We left off with a long look at Picasso’s Ecce Homo, in which the enthroned artist sits on a stage surrounded by his court. Now, let’s shift our gaze to the group of figures on Picasso’s far left (our right). They have the medieval glean of jestors, shepards, bards – recalling art historian Peter Read’s wry observation that Picasso’s closest friends of yore were “sometimes presented as jesters or courtiers sycophantically circling Picasso, the all-powerful genius.”* Really, those “courtiers” included some of the greatest minds of modernity, and they were gravitationally pulled to Picasso not because he was more powerful than them, but because, in his dynamism, he was one of them.
Some members of the court: poets Paul Éluard (spur to the Surrealist movement) and Jean Cocteau (whose ties to the theater and Russian ballet would lead to Picasso’s next chapter); painters André Derain, Georges Braque, and Le Douanier, Henri Rousseau; important collectors Leo and Gertrude Stein, Daniel-Henry Kahnweiler, Ambroise Vollard. And, of course, the Bateau Lavoir poets, the original Bande a Picasso: our familiar Max Jacob; the poet and art critic André Salmon; and that charismatic figure, monumental to French literature and 20th Century thought, who lived in Picasso’s sketchbook more than any other friend, Guillaume Apollinaire.
It is no coincidence that Picasso imagines the bande in particular within Ecce Homo, his production of his rise to an artistic greatness on par with Rembrandt. He met them when he was fresh out of Barcelona, and they were his introduction to both the theater and circus in Paris. Back then, they took those styles of high and low performance home, making-believe their old Bateau Lavoir into a glamorous gallery wherein the poets would take turns parodying famous artists – Degas, Renoir, Baudelaire – coming up the creaky steps of the ramshackle tenement to lavish praise upon Picasso’s artwork. On his friendship with the rambunctious writers, Picasso simply said, “The painters are too stupid and their conversation is boring.”*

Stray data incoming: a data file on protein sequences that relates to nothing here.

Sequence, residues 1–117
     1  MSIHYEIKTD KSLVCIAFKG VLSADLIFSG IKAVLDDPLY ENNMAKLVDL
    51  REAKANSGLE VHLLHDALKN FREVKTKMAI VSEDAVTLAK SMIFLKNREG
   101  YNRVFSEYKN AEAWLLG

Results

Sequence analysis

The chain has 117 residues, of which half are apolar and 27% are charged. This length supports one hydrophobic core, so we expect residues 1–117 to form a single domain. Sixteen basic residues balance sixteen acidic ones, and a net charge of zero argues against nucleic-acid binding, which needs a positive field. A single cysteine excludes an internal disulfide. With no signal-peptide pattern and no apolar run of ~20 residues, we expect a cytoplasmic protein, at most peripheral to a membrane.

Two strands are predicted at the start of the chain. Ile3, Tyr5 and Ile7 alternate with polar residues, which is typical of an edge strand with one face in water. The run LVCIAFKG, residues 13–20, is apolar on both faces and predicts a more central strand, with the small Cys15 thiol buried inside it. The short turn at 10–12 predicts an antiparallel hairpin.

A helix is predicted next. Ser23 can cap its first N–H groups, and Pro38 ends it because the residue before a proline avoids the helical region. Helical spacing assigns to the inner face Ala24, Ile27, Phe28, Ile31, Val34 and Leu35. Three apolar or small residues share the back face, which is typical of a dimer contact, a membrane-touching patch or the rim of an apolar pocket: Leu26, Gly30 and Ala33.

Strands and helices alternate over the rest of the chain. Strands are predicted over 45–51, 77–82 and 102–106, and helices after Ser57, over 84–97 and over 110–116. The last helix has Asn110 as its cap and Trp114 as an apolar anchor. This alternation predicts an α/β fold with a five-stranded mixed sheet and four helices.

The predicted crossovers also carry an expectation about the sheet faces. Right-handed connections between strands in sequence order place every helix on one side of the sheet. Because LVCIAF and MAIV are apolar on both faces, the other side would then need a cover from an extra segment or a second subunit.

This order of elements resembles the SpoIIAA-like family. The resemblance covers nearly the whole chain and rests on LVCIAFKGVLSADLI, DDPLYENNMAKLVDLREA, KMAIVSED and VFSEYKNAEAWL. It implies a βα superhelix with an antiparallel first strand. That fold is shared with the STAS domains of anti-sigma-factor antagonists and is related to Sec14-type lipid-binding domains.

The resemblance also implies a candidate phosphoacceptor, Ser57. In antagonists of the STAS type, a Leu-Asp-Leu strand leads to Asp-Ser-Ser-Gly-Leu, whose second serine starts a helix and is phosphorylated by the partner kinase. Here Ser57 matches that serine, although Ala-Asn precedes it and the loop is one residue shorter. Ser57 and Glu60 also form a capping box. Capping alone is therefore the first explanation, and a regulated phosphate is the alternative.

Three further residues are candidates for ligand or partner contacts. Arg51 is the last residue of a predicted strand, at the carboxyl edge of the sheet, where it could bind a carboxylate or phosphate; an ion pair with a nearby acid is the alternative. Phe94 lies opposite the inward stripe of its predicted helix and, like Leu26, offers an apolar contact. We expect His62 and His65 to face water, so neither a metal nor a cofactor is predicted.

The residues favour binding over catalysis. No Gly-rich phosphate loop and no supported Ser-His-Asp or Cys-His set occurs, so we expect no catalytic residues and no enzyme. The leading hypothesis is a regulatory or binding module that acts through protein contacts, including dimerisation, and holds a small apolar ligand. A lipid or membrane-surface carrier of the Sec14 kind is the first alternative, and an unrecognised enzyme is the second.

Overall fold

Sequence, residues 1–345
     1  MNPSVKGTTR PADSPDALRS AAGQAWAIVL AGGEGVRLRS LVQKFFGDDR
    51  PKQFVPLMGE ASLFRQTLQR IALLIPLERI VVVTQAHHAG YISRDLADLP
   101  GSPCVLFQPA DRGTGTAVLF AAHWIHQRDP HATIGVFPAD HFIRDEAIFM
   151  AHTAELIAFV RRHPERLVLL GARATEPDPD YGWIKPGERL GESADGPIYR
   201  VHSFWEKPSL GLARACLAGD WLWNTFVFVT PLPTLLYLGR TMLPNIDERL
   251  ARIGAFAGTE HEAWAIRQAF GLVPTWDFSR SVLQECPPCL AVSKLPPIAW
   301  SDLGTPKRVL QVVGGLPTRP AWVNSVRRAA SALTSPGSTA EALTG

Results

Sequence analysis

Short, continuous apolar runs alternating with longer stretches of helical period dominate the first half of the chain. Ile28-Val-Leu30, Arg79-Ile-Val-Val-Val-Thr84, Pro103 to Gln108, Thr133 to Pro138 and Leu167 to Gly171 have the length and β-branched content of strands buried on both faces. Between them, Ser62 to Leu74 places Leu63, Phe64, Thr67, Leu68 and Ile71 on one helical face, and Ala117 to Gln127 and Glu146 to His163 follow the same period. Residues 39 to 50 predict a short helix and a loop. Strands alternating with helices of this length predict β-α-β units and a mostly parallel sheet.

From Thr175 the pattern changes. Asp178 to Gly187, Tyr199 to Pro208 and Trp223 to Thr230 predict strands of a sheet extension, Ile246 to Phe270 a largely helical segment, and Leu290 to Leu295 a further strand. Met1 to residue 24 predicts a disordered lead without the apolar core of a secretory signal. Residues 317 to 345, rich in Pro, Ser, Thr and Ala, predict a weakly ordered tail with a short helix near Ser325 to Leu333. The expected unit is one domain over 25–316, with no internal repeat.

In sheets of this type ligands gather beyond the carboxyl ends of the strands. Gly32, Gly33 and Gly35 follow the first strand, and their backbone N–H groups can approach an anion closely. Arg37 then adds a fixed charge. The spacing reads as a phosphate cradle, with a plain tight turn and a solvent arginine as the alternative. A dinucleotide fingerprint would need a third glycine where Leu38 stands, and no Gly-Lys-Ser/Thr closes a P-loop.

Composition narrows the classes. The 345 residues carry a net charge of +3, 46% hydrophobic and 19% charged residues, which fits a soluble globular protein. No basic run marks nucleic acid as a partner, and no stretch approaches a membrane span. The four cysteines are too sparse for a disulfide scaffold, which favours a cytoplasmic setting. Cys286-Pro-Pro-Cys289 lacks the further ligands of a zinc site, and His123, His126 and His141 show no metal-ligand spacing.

Pablo Picasso: Le Saltimbanque au repos (Bloch 10), 1905, drypoint, 12 1/4 8 3/8 inches
Even after he moved out of the Bateau Lavoir, Picasso’s favorite conversationalist was Apollinaire. They were both immigrants, both churning with quick wit and avant garde ideas – and they found unity through a shared vocabulary. This was the blooming language of modernism: anarchy, urbanization, disruption through its nontraditional, non-Western forms. One spoke verbally, the other pictorially. Their meetings became daily rites, unmissable. One afternoon, when Apollinaire did not show up, Picasso sent him a note: “Dear Guillaume. We’re wondering where you are. Are you by any chance in Poland? Or convalescing in Vésinet?” For Picasso, the only permissible excuses for absence were near-death, or an Eastern vacation. He signed the note, “Picasso the painter and your friend.”* These things were inseparable.
Indeed, of that court of big names, Apollinaire in particular was essential to Picasso’s artistic DNA – so moving forward, we’ll look at their friendship, set deep but cut short, as well as the sometimes controversially regarded work created as its result.